Interviews are tricky. With first stage interviews lasting roughly 45 minutes to an hour, as a candidate you have a very short amount of time to convey your skills, personality and suitability to a job.
So how do you ensure you’re memorable for all the right reasons?
Do your homework. The most basic of tips is to be prepared. Don’t just scan the company homepage but research your prospective employer thoroughly, including their industry sector and key competitors. Check out the profile of your interviewer on LinkedIn, read the job spec so you know the remit of the role off by heart, think through relevant examples of previous experience that you can draw on to substantiate your suitability, and think of plenty of questions to ask when prompted. Ask your recruitment consultant for insight: part of our service is to fully brief each candidate before his or her interview. As confident and knowledgeable as you might be in your field, an interviewer can smell an under prepared candidate a mile away…
Look the part. This is a job interview: you’re potentially asking this company to pay you thousands of pounds a year for your services so make the effort. Interviewers (believe it or not) are human too and will note things like creased clothes, messy hair and dirty shoes… Of course each company will have different dress code policies so if you haven’t been provided insight into what that is, play it safe and polish those boots!
Show them you really want the job; it helps! You can be wearing the smartest of outfits but if your body language and responses don’t match up, you’ll suck all the energy out of the meeting and leave the interviewer underwhelmed. Sit up straight, keep your hands on the desk, maintain engaging eye contact and remember to smile (not constantly, that would be overkill). Just try not to over do it – the ‘just downed a litre of red bull beforehand’ look isn’t necessarily conducive to a good interview experience!
Ask questions, don’t just answer them. Interviews are two-way things (add link to previous article) so don’t be afraid to ask questions. Even better, come prepared with them written down – there’s no harm in that. Or as the interviewer talks through stuff, write down some questions for the end. And make sure they are genuine questions, not stock ones you’ve Googled… Always have at least a couple of questions for the end of the meeting; the last thing the interviewer wants to hear to the classic question “do you have any more questions?” is a one word “no”. If your questions have been answered during the course of the meeting, then simply say “I was going to ask about X and Y, but I’ve got a good understanding of this from what we’ve discussed”... this demonstrates you’d given good thought to what you wanted to get out of the interview prior to the meeting.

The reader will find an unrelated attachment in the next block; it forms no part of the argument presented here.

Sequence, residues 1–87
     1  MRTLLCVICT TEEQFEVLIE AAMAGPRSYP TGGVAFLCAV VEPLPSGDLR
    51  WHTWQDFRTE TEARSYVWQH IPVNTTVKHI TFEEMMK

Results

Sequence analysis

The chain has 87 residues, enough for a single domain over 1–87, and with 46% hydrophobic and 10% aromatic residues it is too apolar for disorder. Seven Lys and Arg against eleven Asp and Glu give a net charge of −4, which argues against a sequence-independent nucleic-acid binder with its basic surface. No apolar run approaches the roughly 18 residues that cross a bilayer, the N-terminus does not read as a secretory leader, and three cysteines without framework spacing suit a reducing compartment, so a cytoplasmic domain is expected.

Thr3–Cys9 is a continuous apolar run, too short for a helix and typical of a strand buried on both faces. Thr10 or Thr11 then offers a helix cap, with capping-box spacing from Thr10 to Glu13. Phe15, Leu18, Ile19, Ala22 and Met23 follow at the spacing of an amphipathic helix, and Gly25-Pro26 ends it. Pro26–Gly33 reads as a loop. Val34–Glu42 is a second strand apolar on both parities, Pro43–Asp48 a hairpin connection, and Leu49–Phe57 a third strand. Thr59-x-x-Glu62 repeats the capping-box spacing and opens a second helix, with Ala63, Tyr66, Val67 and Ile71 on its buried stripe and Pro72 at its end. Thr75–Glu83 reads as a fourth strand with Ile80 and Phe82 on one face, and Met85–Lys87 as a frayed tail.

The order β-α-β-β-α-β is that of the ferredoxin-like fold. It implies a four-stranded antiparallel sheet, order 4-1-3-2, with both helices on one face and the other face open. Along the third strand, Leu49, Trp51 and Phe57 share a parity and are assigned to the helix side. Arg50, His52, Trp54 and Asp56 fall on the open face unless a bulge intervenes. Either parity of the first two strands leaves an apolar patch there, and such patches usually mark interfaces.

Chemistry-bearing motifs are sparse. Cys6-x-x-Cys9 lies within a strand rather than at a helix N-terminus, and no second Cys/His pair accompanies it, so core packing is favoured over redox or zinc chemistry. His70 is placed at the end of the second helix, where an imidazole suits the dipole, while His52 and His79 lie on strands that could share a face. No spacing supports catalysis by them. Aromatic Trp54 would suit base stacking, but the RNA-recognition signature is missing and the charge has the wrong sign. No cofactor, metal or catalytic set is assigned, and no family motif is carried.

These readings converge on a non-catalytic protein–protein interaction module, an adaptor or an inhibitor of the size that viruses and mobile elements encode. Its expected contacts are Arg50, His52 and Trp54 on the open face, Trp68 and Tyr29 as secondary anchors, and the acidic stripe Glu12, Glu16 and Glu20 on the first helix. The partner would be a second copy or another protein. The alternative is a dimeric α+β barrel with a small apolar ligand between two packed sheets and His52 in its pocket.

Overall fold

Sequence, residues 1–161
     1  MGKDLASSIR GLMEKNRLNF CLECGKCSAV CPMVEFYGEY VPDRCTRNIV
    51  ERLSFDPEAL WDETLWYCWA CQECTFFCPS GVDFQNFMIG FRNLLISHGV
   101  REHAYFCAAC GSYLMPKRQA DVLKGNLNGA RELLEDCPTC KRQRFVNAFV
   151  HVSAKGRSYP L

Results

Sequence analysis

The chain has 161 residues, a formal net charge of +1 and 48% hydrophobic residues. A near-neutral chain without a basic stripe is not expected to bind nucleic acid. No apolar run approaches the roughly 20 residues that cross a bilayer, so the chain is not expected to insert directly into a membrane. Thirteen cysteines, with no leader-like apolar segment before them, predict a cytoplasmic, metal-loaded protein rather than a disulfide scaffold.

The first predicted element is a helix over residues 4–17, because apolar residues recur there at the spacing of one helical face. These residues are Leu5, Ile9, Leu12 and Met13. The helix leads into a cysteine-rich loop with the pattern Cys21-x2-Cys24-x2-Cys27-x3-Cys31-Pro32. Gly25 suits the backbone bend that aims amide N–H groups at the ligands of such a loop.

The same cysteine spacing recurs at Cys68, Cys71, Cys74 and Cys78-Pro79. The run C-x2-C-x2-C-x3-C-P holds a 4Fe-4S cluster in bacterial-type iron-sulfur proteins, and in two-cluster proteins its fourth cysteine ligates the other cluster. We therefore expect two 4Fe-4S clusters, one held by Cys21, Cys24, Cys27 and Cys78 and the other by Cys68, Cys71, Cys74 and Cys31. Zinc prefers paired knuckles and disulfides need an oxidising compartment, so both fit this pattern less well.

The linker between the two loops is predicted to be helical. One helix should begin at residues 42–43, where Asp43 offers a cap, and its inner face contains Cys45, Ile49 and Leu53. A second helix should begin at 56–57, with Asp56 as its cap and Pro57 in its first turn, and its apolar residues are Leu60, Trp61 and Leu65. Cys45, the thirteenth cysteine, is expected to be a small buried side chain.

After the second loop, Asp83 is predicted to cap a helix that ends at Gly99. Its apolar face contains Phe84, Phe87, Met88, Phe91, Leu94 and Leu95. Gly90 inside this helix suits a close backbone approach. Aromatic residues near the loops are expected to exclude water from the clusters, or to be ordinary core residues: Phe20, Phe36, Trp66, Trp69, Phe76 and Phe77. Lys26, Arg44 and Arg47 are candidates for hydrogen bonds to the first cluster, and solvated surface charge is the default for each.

Don’t ask silly questions. “What is the annual bonus/benefits, what are the hours, how long is lunch, do you all go down the pub on Fridays?” are just no-nos. It’s not that these aren’t important pieces of information, but they can be found out later in the process and by asking them, you risk giving the wrong impression about your work ethic. Keep questions in line with the job - this is why preparation is key and helps prevent the panic from setting in and letting silly questions slip out whilst you try think of what you’d actually like to ask.
No one likes a moaner. Don’t be remembered as the candidate who moaned about their current boss or client. You might be justified in your thoughts and currently working for a total dragon, but keep them to yourself; it simply isn’t what the interviewer wants to hear. Always keep it positive, diplomatic and drama free.
Impossible is nothing. Employers recruit people because a job needs doing and problems need solving. If the role is vacant or about to become vacant, generally that workload will land on someone else in the business in the meantime and more often than not, it’s on the person sat opposite you in the interview. So demonstrate you’re the man or woman to take that burden away. Confidence, skills, energy and drive – that “problem solving” mentality is invaluable and can’t be taught.
But don’t get too carried away. Enthusiasm is key, but don’t get too animated; you will run the risk of not listening properly to the question or interrupting the interviewer. This can not only be irritating, it can also create concerns in terms of whether you’ll be difficult to manage, or whether your ability to interpret important conversations correctly.
Now tell me you want the job – and why. If you enjoyed the interview and want the job, tell them. Showing the interviewer that you’re keen can make all the difference.
Follow up, but stay cool. Every interviewer appreciates a brief follow-up note. If nothing else, saying that you enjoyed meeting and are happy to answer any other questions is a polite gesture. But don’t start stalking them on social media or calling every day for an update – that’s a major turn off. Your interviewer is busy and may have a process to conclude before updating you. Speak to your recruitment consultant about how to best reach out and separate yourself from the pack.